Expressing "don't need to" with "buyong"
In Chinese, 要 (yào) has many meanings, one of which is "need to." However, when you want to express "don't need to", you actually use 不用 (bùyòng), not 不要 (bùyào).
Subj. + 不用 + [Verb Phrase]
- 不用 担心 。You don't need to worry.
- 不用 你 帮忙 。You don't need to help.
- 今天 不用 加班 。We don't need to work overtime today.
- 这 件 事不用 跟 他 说 。You don't need to tell him about this.
- 告诉 他 明天 不用 来 了 。Tell him that he doesn't need to come tomorrow.
- 大家 不用 给 我 买 礼物 。Guys, you don't need to buy me presents.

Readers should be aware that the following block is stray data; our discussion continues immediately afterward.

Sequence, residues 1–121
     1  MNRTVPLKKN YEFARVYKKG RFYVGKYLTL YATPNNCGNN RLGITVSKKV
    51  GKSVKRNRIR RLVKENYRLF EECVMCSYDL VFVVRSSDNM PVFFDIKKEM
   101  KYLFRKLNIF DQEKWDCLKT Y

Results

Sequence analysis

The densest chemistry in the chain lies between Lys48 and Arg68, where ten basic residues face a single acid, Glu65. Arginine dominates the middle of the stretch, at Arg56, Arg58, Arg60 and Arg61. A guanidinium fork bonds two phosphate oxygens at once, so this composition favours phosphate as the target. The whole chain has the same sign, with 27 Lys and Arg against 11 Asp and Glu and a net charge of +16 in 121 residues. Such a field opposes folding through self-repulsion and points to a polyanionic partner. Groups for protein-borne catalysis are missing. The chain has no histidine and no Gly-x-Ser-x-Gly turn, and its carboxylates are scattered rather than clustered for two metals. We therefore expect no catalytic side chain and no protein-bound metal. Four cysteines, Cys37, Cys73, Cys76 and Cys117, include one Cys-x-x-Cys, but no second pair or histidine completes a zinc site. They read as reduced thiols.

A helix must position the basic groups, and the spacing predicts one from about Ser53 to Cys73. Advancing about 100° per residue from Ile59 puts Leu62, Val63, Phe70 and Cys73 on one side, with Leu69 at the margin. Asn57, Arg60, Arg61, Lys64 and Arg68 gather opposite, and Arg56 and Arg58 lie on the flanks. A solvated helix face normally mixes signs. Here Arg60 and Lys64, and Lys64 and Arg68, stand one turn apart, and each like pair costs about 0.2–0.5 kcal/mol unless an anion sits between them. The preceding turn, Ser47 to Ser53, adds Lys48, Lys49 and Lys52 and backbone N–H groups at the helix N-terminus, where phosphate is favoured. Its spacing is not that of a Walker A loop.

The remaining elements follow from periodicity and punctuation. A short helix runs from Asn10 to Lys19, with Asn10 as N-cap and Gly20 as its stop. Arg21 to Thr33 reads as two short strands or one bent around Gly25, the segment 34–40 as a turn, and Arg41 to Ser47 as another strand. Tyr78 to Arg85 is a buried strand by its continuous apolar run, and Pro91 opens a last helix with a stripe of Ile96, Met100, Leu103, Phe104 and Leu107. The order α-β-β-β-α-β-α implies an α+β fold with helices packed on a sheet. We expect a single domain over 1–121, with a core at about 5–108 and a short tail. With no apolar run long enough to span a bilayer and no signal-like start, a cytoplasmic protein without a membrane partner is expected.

- 今天 人 少，不用 排队 。There aren't many people today. We don't need to wait in line.
- 五岁 的 孩子 不用 买 票 。Five-year-olds don't need to buy tickets.
- 新 员工 不用 参加 这个 会议 。New employees don't need to attend this meeting.
- 我们 只 去 两 天， 你 不用 带 这么 多 衣服 。We are only going for two days. You don't need to take this much clothing.
In spoken Chinese, the rhetorical question, "这还用说(吗)?", indicates the speaker believes that the statement is obvious. It is equivalent to the speaker saying, "is that seriously a question?" or "do you really need to ask?" Often "这还用说(吗)?" is said in an impatient tone of voice.